5. Not only the student provided the correct answer, but he also posed a thought-provoking question in the essay.
  6. Solar panels not only reduce electricity bills but also help the environment.
  7. Either you can take the bus or I can drive you to school.
  8. Benedict either wants to go to the beach or stay home and watch movies.
  9. Neither his parents nor his siblings were able to attend the graduation ceremony.
  10. Neither my sister nor my brother is interested in playing sports.

Correlative Conjunctions Exercises with Answers

Complete the sentence below using correlative conjunctions.

  1. I can ______________ fix the dryer ______________ advice you on how to avoid similar problems in the future.
  2. You ______________ go to the mall ______________ host a slumber party for your birthday.
  3. Vito ______________ understood the topic ______________ asked the teacher for help.
  4. ______________ did Alice explore the city, ______________ she ______________ took lots of pictures.
  5. The doctor is deciding ______________ to prescribe medication ______________ recommend physical therapy.


  1. I can both fix the dryer and advice you on how to avoid similar problems in the future.
  2. You either go to the mall or host a slumber party for your birthday.
  3. Vito neither understood the topic nor asked the teacher for help.
  4. Not only did Alice explore the city, but she also took lots of pictures.
  5. The doctor is deciding whether to prescribe medication or recommend physical therapy.
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Correlative Conjunctions List

  • Either/Or
  • Neither/Nor
  • Both/And
  • Not Only/But Also
  • Whether/Or
  • Rather/Than
  • Such/That

Advice for ESL Students & English Language Learners

English grammar, like any language, is a complex subject to study. Understanding and applying grammar rules can be challenging, especially for English language learners. However, your success in learning the language is dependent on your learning plan.

First, know that there are different levels of language proficiency. Knowing your status allows you to align it with your study materials and learning strategy. To keep your motivation, select beginner-friendly materials instead of university textbooks when starting. In doing so, you will feel less intimidated by the topics you should learn.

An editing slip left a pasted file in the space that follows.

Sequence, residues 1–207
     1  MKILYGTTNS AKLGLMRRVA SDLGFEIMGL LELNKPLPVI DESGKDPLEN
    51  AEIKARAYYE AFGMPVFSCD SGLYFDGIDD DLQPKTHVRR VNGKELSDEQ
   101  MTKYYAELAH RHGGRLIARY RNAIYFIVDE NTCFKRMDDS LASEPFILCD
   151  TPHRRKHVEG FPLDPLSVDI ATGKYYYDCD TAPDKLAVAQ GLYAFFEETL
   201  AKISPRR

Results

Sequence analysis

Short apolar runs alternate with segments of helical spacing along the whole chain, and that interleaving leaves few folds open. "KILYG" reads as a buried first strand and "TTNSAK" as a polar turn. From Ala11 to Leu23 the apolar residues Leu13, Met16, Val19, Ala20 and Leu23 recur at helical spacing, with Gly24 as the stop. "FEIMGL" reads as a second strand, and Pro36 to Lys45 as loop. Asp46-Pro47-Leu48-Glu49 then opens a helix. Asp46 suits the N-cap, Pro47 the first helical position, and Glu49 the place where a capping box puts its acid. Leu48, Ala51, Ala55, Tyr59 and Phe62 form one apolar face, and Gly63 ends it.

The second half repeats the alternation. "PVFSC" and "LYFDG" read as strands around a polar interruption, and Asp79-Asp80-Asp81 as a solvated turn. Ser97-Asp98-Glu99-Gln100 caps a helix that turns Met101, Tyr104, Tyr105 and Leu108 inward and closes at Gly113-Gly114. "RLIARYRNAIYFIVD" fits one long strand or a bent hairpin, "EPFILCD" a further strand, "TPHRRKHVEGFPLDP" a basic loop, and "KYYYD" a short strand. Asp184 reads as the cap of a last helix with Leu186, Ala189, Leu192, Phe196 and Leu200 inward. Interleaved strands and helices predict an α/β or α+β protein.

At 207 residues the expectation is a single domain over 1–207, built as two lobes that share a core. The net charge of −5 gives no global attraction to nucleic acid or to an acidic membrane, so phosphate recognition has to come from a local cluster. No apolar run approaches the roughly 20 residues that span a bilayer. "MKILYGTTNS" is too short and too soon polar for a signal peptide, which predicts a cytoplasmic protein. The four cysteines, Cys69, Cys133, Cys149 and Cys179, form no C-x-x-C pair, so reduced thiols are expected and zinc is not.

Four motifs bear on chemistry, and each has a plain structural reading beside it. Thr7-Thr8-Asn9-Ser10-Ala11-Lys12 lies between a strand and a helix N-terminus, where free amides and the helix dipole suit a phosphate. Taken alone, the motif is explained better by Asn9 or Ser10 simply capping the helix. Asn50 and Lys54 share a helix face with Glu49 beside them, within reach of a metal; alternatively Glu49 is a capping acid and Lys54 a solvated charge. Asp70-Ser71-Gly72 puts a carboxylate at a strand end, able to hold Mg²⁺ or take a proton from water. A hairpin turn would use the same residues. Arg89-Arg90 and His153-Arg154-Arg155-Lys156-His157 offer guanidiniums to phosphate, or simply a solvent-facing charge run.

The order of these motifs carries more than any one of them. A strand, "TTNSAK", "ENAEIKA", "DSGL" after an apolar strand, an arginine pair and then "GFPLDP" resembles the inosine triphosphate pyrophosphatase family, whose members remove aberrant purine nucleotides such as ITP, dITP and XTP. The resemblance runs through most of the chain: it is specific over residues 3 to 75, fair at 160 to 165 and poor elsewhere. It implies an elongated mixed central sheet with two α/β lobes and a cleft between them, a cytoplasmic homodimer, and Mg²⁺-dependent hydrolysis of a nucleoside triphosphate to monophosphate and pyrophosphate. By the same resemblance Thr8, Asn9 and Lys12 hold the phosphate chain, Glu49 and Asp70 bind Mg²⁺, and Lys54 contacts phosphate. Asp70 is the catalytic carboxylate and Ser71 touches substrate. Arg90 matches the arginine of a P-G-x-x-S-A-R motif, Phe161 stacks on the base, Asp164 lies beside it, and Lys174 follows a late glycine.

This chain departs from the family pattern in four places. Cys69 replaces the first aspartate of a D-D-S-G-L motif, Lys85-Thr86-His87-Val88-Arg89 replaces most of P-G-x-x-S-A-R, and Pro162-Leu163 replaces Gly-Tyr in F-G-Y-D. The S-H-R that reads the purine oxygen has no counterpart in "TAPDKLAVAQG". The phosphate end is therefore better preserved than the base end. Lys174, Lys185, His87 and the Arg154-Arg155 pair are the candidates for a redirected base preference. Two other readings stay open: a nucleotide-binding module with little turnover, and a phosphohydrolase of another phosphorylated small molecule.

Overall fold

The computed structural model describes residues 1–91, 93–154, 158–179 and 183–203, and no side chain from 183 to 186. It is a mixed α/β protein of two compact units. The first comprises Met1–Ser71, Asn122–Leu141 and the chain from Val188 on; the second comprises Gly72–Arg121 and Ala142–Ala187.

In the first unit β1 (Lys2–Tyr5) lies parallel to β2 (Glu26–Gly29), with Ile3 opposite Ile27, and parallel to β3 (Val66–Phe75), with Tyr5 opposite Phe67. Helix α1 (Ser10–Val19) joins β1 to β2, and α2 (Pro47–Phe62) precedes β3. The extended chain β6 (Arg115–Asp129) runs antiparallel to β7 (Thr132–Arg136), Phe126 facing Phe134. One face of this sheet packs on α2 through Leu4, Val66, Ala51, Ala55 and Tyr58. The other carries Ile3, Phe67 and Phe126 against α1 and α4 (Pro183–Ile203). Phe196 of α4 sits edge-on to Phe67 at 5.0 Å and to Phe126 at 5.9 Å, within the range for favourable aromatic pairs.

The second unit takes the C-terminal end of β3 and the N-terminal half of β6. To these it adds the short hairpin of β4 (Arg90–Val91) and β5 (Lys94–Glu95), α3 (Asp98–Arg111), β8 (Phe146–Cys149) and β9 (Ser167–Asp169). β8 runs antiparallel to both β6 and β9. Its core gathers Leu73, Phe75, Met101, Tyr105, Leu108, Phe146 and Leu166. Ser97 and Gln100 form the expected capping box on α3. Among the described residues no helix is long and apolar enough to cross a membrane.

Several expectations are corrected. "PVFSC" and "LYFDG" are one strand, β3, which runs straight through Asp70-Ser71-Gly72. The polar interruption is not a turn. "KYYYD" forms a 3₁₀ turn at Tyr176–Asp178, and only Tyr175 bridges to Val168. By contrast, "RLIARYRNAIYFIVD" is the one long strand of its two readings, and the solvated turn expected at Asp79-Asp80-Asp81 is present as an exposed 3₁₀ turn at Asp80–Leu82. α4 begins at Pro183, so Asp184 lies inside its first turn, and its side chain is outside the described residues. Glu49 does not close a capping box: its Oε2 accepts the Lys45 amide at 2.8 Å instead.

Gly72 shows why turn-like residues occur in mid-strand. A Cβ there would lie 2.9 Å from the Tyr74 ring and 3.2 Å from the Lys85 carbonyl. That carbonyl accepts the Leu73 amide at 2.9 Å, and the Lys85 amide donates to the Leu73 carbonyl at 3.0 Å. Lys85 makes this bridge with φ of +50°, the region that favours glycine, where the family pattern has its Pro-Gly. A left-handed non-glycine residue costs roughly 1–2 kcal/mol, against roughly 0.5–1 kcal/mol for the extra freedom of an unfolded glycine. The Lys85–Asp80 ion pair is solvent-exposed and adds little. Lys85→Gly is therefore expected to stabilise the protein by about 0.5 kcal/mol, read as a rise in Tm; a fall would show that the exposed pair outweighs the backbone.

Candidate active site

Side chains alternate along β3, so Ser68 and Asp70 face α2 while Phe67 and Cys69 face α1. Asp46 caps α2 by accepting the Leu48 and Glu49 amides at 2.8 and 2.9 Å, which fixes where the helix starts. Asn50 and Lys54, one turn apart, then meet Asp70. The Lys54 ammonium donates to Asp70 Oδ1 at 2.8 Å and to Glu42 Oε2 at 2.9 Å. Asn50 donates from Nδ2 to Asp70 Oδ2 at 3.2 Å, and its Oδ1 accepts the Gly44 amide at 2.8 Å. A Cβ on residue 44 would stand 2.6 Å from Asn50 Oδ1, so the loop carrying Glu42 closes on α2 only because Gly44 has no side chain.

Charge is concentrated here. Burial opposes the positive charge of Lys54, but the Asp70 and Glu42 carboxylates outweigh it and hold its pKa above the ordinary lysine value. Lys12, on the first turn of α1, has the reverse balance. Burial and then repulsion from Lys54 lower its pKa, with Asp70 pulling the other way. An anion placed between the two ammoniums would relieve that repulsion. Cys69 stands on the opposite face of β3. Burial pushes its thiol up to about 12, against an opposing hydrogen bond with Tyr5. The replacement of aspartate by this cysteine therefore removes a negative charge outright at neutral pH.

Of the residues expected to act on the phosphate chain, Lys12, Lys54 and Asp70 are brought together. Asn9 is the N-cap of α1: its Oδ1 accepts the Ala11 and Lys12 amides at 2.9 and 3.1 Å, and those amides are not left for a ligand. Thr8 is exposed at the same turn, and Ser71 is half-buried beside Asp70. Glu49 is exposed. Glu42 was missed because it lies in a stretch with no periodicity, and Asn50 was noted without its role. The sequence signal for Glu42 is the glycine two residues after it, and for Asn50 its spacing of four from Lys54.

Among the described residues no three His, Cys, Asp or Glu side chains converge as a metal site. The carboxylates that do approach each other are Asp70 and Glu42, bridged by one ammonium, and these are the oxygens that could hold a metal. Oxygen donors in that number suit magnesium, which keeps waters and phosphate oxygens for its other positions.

Second, focus on the basics: nouns, verbs, adjectives, and adverbs. Learn how to use them correctly in sentences and understand their meaning. It will help you build a strong foundation for your English language learning journey. Divide those topics into subtopics and learn each concept and rule one by one.

Third, find a reliable source of learning materials. Online resources such as websites, blogs, and YouTube videos are mostly free. LillyPad’s blog, for example, is a great resource for English language learning materials. Additionally, you can find books and other printed materials in your local library or bookstore.

Fourth, practice speaking the language with native speakers or other English learners. It will help you understand how to use the language correctly in conversations and improve your pronunciation.

Finally, be patient with yourself and don’t give up. Learning a language takes time and effort, so set realistic goals and celebrate your achievements along the way.

Additionally, it is important for learners to properly understand adverbial conjunctions and subordinate conjunctions.

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Common Errors Made by English Learners

Learning a new language can be difficult, and English is no exception. Even experienced English learners make mistakes when speaking or writing in the language. Here are some of the most common mistakes made by English learners:

Common MistakeWhy it HappensCorrectionExamples
Omitting the auxiliary verb form of “do” when starting a sentence with negative conjunctionSome learners omit “does” when using it with negative conjunctions (neither/nor) and proceed to write the options or conditions.Sentences using the auxiliary verb “do” with negative conjunctions at the beginning follow this pattern: